By this every one will know ...
| John 13:31-35
||Sun, May 13, 2001
Rev. Ed Searcy
|Jesus gives his disciples one new commandment. One. Not five or
ten or twenty. One. Yet how many of those who worship in
Christian congregations in North America this morning could name
that one straightforward new commandment from memory? One
suspects that most could recall the ‘Golden Rule’ - “do unto others as
you would have them do unto you”. But a little homespun research
will quickly reveal that, when it comes to Jesus’ new commandment,
much of the church in North America has developed a serious case
of amnesia. This forgetfulness overcomes even many of those who
celebrate the giving of this new command (in Latin ‘maundatum’)
with a day named in its honour - ‘Maundy Thursday’. Let us
promise ourselves at least this much - that if we remember anything
about this morning in the year to come that it will be these simple
words of Jesus to to us:
“I give you a new commandment, that you love one another.
Just as I have loved you, you also should love one another.
By this everyone will know that you are my disciples,
if you have love for one another.”
“Love one another”. That shouldn’t be so hard to remember. In fact,
it sounds pretty standard. We’ve been hearing basically the same
message from our Mothers ever since we can remember ... and we’re
grateful that, in family, love is the law. And even if we can’t
remember Jesus’ new command from memory we still know
intuitively that love is to be the law in the church. There’s nothing all
that surprising about this ... as long as we don’t listen too closely. Did
you hear it? The trouble, I mean. Did you hear the trouble in Jesus’
new commandment? There is a reason why we have developed
corporate amnesia when it comes to this command to the church.
There is always a reason when children ‘forget’ the rules of the
household. It would be fine if Jesus had simply instructed his
followers to ‘love one another’. Then it would be left to us to freely
interpret the law, to imagine that we might be fulfilling it with a
handshake here and a ‘pat on the back’ there. But Jesus adds a
qualification: “love one another, as I have loved you”.
“As I have loved you”. Jesus has welcomed all manner of strays,
stragglers and sinners into his company. “As I have loved you”. He
gives the new commandment as the disciples’ feet are till freshly
washed ... servant’s feet washed by the hands of their Lord and
Saviour ... inverting all their expectations of who is to do the dirty
work in the community. “As I have loved you”. The disciples are not
commanded to offer one another a generic ‘love’. Jesus does not say:
“I give you a new commandment, that you be nice to one another”.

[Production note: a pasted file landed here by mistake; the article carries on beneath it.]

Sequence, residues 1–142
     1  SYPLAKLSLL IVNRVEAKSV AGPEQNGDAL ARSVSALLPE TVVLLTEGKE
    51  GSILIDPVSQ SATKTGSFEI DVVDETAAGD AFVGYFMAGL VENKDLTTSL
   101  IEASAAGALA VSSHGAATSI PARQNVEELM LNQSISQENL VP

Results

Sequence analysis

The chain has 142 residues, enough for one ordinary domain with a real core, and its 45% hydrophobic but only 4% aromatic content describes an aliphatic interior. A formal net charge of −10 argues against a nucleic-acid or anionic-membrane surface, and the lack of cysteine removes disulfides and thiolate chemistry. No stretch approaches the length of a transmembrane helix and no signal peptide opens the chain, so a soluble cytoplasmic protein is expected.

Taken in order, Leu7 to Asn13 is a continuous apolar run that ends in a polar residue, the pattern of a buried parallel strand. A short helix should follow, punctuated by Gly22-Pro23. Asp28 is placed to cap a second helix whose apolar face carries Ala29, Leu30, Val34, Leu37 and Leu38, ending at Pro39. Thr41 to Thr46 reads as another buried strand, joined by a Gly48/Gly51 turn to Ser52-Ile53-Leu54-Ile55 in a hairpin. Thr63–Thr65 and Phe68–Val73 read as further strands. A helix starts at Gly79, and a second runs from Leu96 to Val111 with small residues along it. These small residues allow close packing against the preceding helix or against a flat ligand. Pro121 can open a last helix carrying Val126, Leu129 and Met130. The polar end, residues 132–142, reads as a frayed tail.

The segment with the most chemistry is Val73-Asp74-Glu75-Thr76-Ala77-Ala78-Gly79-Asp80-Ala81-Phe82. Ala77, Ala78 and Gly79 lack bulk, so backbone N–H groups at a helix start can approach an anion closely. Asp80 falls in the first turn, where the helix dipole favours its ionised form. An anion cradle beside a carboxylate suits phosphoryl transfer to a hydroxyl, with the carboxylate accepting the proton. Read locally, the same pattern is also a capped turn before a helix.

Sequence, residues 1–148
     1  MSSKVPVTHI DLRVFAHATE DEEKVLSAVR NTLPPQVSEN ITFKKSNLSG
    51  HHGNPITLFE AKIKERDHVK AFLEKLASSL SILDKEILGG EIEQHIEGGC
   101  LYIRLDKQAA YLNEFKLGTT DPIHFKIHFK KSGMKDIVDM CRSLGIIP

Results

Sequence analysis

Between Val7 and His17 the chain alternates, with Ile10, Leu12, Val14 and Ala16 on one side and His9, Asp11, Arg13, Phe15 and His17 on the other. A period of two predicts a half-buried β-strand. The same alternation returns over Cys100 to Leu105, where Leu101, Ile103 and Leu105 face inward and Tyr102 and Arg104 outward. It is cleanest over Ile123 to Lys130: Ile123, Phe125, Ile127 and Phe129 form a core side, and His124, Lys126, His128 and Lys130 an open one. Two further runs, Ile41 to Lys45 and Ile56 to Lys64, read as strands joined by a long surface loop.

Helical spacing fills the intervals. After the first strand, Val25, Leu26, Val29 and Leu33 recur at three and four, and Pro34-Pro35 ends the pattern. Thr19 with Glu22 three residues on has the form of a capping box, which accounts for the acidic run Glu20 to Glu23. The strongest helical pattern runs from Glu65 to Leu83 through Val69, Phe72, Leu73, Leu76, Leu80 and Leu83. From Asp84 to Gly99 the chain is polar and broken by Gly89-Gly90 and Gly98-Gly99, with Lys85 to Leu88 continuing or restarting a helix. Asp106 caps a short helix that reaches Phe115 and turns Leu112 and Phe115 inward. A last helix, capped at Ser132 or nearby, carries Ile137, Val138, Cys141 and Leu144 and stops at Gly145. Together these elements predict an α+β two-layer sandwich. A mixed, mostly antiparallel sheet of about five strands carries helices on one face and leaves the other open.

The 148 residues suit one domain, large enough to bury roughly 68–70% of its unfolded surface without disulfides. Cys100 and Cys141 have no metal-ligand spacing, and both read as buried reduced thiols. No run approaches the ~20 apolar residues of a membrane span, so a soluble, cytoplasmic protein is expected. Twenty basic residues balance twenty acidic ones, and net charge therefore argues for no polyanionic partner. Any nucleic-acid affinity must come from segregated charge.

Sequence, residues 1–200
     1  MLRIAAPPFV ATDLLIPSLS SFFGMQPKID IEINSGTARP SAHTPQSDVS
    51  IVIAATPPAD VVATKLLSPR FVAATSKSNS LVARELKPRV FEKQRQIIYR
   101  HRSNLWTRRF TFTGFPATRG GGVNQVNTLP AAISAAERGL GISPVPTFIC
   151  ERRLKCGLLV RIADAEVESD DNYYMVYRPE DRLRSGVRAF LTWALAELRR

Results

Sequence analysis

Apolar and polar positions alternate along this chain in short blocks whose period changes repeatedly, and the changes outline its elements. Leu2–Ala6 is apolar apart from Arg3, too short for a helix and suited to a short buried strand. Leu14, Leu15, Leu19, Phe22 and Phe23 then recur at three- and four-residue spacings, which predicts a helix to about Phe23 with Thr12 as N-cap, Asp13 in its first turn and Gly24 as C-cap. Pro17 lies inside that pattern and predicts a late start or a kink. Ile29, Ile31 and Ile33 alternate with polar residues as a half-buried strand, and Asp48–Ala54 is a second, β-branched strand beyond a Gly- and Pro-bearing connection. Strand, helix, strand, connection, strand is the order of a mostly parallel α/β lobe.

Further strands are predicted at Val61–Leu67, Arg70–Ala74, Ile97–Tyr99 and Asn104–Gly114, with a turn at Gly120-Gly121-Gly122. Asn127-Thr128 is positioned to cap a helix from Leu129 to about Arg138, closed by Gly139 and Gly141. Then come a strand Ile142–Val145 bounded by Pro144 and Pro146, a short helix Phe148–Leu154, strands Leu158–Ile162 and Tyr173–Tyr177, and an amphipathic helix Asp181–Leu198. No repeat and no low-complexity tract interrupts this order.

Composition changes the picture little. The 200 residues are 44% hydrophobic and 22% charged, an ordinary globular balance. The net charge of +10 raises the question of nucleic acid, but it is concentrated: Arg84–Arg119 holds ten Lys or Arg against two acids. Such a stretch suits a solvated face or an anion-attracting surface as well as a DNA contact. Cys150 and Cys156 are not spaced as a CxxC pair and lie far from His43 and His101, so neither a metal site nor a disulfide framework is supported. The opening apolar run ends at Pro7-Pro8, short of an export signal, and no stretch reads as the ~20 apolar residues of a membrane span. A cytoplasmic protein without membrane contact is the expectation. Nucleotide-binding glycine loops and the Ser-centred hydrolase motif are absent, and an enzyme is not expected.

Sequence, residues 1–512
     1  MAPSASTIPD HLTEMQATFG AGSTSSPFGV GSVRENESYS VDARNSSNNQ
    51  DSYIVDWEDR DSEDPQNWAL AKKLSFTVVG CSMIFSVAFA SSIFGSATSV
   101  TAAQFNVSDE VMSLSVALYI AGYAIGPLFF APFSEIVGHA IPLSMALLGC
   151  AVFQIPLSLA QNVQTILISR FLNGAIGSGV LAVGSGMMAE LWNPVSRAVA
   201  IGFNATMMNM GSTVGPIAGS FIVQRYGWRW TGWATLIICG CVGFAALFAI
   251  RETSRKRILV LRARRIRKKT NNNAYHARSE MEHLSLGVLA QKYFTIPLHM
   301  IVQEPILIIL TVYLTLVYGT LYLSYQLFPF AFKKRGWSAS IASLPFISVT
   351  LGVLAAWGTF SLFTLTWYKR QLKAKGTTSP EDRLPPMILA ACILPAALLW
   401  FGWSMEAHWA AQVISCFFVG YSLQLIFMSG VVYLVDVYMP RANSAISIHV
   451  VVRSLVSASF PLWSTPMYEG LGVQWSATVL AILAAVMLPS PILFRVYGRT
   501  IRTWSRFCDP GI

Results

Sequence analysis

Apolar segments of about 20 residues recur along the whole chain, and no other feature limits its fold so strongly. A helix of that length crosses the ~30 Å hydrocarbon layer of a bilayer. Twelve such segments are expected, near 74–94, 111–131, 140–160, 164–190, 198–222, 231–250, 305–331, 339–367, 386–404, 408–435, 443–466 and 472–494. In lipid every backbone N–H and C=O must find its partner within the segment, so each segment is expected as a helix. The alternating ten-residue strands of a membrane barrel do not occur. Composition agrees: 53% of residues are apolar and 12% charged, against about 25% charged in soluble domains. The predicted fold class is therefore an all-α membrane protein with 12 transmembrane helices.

No. He lays down the law: “Love one another, as I have loved you”.
This is the reason that every week in every l’Arche Community
around the world all members of the community gather to wash one
another’s feet. In establishing these little Christian communities Jean
Vanier realized that the new commandment of Jesus must never be
forgotten. Instead, it is to be at the heart of the life of a community
that seeks to incorporate all manner of disabled people in a
household of joy and care. In these communities there are not
caregivers and care-receivers. All - able-bodied and disabled - receive
and offer care. And the washing of feet is but a small symbol - a
sacrament - of the commitment to one another that is lived out every
day. When Jean Vanier was here at VST in March we discovered that
he is soon to film a series for Vision TV. The subject matter? The
Gospel of John. This comes as no surprise ... for the Gospel of John is
the one and only place in the New Testament that records this bold
new commandment of Jesus.
Of course, there is a problem with erasing our corporate amnesia.
Remembering this commandment means that now we are
confronted with the problem of keeping it ... or not. That is why I
make John chapter thirteen, verses 34 and 35 my standard response
to that classic refrain: “Oh, I am a Christian. I believe in God and I
follow the teachings of Jesus. I just have no interest in organized
religion or in the church. “Nature is my church.” It is such a
tempting possibility. To imagine that one can believe in God and
follow the teachings of Jesus and not get involved with others who
are seeking to do the same. Of course, to adopt this answer to the
problem of the church is to conveniently break Jesus’ new
commandment: “Love one another, as I have loved you.”